A brighter day dawns
There is a saying that before the storm there is calm. Another saying goes that the darkest hour is just before the dawn. Guyana’s present situation can be likened to any of those sayings. Indeed the country is poised for economic take-off but this is overshadowed by some dark incidents, not least among them allegations of rampant corruption.
A few years ago these allegations never surfaced because people were more concerned with being victimized if they spoke; they feared losing jobs or being targeted by the police who appeared under the thumb of the administration.
Others were apathetic about the situation because they had managed to get into the loop. They had gained employment in sections of the government and had attracted a contract fee that boggled the mind. For example, a foreigner who managed to gain employment in the department that was responsible for the One Laptop per Family project exposed a shocking waste of money paid to the favoured.
He said that he had barely opened his mouth to explain his qualification when he was offered what by any standard was a super salary. Had he been Guyanese he would have enjoyed the windfall and continued along with a blinkered view of the situation in which he had found himself. But he came from a land where such things are readily exposed and he knew that the fallout would have been disastrous.
He talked but that never changed anything. Then there was a woman who was accused of leaking information about a batch of laptops bought by Office of the President. Of course Office of the President denied acquiring any computer but the receipts exposed the lie. Once more the hub of the government was caught lying. A woman was sacked.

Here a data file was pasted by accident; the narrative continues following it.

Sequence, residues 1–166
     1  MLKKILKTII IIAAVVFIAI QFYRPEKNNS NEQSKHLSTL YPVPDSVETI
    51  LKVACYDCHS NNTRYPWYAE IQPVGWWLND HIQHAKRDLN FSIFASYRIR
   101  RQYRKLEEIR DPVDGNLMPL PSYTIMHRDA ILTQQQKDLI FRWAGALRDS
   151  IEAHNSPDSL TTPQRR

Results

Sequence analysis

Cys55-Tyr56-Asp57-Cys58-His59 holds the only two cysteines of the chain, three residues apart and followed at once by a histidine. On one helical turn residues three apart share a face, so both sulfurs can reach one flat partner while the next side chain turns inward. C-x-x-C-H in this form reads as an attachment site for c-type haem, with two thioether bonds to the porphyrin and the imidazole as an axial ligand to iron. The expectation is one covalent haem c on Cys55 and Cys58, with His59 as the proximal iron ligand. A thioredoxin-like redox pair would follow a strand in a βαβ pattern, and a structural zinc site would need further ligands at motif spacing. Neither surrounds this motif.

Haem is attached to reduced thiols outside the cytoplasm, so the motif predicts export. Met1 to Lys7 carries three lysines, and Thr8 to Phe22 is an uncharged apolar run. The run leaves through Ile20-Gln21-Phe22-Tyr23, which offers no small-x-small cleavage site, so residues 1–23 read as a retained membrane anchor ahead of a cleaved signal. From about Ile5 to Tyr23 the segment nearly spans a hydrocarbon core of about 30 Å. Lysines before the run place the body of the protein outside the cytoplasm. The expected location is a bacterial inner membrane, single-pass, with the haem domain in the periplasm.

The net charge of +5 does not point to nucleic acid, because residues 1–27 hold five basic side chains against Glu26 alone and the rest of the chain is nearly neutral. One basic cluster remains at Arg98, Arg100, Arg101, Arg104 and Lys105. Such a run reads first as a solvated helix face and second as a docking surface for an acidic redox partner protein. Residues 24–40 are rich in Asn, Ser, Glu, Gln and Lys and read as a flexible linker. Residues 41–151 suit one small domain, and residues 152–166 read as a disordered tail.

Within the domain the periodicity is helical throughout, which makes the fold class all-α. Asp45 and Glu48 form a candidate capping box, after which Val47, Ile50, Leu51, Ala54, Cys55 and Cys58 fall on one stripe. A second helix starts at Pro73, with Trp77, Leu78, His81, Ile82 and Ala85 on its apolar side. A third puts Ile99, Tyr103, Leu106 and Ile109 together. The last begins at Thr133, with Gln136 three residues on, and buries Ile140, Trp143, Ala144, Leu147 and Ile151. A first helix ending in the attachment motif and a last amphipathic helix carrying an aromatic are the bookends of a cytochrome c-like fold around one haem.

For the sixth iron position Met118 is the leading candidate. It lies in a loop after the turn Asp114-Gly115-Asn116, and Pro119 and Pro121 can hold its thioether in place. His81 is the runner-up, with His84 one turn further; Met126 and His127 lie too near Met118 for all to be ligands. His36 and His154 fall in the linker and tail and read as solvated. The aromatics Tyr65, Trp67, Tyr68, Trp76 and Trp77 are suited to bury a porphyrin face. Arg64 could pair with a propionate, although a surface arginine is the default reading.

There came the elections and a new Head of State was plunged into unfamiliar territory. For one, he was asked to preside over a minority government. This was something new and his colleagues or the people whom he appointed to serve as Ministers began to behave as though they were still king of the hill and that they were the lords unto themselves and the nation.
The allegations of corruption continue and President Donald Ramotar must be in a quandary. He has already used his broom with some effect in two Government departments. He has caused investigations to be mounted in others and the nation is looking on. They expect him to deal with and to root out the corruption that has become endemic.
Yet behind these dark clouds there are some promising things. For example, Guyana is poised to enter into the ranks of oil producing countries. Needless to say, with oil the country would have even more money at its disposal and therefore the likelihood of even greater corruption. With oil there are likely to be numerous major projects and with each project, unless the old dispensation changes, there are going to be acts of corruption such as kickbacks and naked bribery.
There is also the coming of hydroelectricity, the road link between Guyana and Brazil and of course, the expanded Cheddi Jagan International Airport. All of these projects would help remove Guyana from the ranks of the poverty stricken but there must be strict control. Guyana must not be allowed to go the way of Nigeria where the wealth of the country has been plundered by a few at the expense of the majority who would never believe that the country is actually rich.
Corruption would devour the richest country and there is the belief that corruption has prevented Guyana from moving up the scale in the measure of poor countries. The view is that no matter how much money pours into the country Guyana will remain poor since the money would be siphoned off.
However, there are signs that something is being done, albeit not enough because no one is being prosecuted so there is no deterrent. This is the silver lining and it could only get wider and brighter for the better of the country.